4. You Get the Inside Scoop
There’s plenty of places you can, and by all means should, visit that actually require a tour guide to be present, and are only accessible to those on guided tours. Joining a guided tour is a great way to be able to access remote corners of the globe, hike hidden trails, and see the inside of famous buildings and museums around the world, from hiking Shackleton’s Walk to exploring the Waitomo caves in New Zealand.
Cons of Hiring a Tour Guide
Of course, as is the case with nearly everything else in life, tour guides aren’t the best fit for every moment of your travels. In the wrong context, hiring a tour guide can inhibit rather than benefit your experience.
For instance, on the same trip in Southern Germany in Rothenburg ob der Tauber, a tour guide we hired wasn’t the greatest fit for our needs. For one, he was very expensive, and the extra cost put a burden on our small group. For another, he ran late and then had to rush us through the town in order to be on time for his next tour, which didn’t give us a lot of time to really experience what we were seeing and discovering. He also ended the tour by pointing us in the direction of a shop which he was clearly seeing commissions from, rather than suggesting places that were actually of value.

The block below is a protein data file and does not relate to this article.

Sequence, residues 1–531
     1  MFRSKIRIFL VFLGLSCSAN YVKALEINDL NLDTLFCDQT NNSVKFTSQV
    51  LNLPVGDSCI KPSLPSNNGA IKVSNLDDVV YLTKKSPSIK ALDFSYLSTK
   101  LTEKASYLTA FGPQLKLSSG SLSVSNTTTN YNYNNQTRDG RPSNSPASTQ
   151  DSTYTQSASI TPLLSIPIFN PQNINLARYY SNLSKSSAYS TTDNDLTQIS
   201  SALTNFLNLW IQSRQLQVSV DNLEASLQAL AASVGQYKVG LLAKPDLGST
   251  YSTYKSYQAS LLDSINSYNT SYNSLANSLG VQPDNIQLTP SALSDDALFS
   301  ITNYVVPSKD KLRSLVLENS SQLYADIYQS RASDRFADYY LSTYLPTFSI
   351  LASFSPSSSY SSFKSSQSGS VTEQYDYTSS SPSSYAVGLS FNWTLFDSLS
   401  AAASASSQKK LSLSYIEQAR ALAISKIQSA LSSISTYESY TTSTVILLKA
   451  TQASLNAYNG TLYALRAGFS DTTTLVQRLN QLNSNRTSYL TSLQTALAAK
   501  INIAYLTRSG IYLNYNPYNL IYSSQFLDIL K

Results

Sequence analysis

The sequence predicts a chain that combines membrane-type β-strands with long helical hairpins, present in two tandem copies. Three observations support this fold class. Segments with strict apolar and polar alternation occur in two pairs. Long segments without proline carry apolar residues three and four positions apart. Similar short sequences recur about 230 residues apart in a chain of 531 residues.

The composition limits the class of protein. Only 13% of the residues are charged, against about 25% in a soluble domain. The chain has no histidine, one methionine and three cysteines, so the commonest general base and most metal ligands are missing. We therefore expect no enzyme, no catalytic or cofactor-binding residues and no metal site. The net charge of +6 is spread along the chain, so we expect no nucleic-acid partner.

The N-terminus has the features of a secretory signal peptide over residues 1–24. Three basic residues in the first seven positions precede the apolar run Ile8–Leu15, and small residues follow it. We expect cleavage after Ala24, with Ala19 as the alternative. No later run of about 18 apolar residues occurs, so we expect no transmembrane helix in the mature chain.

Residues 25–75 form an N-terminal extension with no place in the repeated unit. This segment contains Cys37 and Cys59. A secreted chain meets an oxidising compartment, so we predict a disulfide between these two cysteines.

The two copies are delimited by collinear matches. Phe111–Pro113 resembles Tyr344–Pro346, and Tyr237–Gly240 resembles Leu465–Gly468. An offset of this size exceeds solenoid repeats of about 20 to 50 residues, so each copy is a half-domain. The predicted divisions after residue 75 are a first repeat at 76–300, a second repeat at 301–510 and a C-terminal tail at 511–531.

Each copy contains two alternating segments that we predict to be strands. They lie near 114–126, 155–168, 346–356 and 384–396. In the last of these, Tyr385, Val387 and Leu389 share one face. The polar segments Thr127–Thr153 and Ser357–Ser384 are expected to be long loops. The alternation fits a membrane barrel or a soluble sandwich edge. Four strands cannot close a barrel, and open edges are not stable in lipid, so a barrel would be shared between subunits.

Hiring a Tour Guide is an Investment in Yourself
That said, out of thousands of miles of travel and plenty of tour guide experiences, from full-blown safaris to city walking tours, I’ve only had one bad impression. For the majority of my trips, the cost of the tour guide was one of the best investments in my travels and in myself I have ever made.
Hiring a tour guide helped me to learn more, appreciate the places I visited, and try new things I wouldn’t have been able to do otherwise. I made great friends all over the world and found that the extra cost and time commitment was a small price to pay for all that I gained.
Considering hiring a tour guide? It just might be the best choice you will make.
Bryn Wied is a full-time travel writer/blogger from Lake Tahoe, California. She's authored several travel articles and her work has been featured on many travel websites and publications. When she's not writing, she's usually on the road travelling across the world with her hubby, Matt and their daughter, Jamison.
Image Details and Licenses: https://flic.kr/p/8qcb1 (scott_leishman, CC BY-NC 2.0), https://flic.kr/p/2meB9T (Bernt Rostad, CC BY-NC-ND 2.0), https://flic.kr/p/fYSXjJDavid McKelvey, CC BY-NC-ND 2.0), https://flic.kr/p/a3tGw5 (Lauren Jankowski, CC BY 2.0), https://flic.kr/p/7rjGJ6 (davepop, CC BY-NC-ND 2.0), https://flic.kr/p/iBcD4 (Brandon Titus, CC BY-NC-ND 2.0), https://flic.kr/p/4ZkQCv (Eric Chan, CC BY 2.0)